Sprouts present a human health risk because the conditions under which the sends are produced and where they are typically produced are also ideal for the growth of bacteria that cause foodborne illnesses. The CDC and FDA reports that between 1996 and July 2016 there were 46 reported outbreaks associated with sprouts in the United States, accounting for 2474 illnesses, 187 hospitalizations, and three deaths. My friends at Barfblog have an ever expanding list that covers a few more years and a great swath of the world.
This week the FDA released a draft guidance to help sprout operations meet the new standards set forth under the Produce Safety Rule designed to help keep sprouts freer of contamination and safer for consumers to eat.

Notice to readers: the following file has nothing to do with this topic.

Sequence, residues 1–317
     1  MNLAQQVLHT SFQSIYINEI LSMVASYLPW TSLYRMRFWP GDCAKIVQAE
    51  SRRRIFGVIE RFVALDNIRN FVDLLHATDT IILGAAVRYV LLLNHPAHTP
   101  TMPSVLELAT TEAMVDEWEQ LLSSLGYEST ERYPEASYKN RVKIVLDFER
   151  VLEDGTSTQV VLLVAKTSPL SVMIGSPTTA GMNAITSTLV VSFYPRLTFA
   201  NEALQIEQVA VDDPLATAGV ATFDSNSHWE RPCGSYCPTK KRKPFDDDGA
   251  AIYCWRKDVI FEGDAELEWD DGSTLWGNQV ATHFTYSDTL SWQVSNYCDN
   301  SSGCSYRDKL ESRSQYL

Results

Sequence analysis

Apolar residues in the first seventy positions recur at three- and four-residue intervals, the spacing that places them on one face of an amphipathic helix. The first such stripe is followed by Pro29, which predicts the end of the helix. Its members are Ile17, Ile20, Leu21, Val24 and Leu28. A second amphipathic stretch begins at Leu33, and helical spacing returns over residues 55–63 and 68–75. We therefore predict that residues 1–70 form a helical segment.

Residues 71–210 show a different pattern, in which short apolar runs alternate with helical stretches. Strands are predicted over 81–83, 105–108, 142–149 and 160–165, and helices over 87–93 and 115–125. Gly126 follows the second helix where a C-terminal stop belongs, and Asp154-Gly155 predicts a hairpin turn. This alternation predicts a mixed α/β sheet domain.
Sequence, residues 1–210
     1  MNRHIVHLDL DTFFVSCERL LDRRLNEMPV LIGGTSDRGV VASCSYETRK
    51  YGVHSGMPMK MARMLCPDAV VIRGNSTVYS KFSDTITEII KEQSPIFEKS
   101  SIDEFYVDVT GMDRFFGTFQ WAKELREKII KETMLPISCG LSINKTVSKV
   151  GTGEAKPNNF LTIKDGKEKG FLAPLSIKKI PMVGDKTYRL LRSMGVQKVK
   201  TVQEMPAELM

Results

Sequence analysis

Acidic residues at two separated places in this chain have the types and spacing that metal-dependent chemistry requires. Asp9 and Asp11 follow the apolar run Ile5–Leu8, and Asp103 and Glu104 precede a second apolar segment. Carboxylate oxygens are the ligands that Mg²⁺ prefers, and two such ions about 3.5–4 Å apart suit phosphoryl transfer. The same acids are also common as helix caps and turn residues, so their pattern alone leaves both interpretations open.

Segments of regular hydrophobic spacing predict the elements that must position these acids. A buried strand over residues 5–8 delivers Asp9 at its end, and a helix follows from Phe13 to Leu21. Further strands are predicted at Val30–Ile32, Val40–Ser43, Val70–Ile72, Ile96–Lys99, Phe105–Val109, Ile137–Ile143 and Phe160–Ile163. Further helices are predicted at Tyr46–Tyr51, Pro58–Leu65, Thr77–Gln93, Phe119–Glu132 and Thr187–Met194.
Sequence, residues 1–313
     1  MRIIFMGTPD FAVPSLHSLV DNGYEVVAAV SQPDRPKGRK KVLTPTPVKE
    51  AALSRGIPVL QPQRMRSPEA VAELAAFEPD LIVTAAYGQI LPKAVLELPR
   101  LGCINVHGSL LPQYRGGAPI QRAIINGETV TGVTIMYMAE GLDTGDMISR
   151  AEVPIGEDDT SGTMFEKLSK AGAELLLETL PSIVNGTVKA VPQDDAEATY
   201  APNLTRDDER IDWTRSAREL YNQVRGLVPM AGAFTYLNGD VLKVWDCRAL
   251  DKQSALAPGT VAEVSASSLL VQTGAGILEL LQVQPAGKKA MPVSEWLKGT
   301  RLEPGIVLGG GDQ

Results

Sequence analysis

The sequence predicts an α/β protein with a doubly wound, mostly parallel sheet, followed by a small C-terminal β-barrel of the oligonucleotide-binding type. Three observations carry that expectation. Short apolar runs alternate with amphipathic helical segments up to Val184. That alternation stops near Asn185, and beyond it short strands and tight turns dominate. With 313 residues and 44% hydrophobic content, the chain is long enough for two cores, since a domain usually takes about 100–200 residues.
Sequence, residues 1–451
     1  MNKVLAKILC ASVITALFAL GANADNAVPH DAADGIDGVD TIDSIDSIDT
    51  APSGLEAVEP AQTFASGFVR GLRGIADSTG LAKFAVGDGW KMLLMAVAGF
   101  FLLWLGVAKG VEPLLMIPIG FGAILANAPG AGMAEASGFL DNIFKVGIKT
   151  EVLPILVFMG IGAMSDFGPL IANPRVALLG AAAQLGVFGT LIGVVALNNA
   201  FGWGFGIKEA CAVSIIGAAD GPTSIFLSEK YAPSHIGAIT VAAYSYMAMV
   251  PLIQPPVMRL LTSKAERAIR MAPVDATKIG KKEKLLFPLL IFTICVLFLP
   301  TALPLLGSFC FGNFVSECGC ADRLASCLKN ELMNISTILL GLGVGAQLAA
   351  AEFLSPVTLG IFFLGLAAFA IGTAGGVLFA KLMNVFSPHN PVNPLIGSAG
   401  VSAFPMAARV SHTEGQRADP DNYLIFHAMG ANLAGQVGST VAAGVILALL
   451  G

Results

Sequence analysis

In general, the Produce Safety Rule sets science-based standards for the safe growing, harvesting, packing, and holding of fruits and vegetables on farms (for produce for human consumption). The Produce Safety Rule requires, in relevant part, that covered sprout operations take measures to prevent the introduction of dangerous microbes into seeds or beans used for sprouting, test spent sprout irrigation water (or, in some cases, in-process sprouts) for the presence of certain pathogens, test the growing, harvesting, packing and holding environment for the presence of the Listeria species or Listeria monocytogenes, and take corrective actions when needed.
The largest covered sprout operations must come into compliance with all applicable provisions of the Produce Safety Rule by January 26, 2017. Covered sprout operations that are small and very small businesses have compliance dates of January 26, 2018 and January 28, 2019, respectively.
Me, I will just skip them.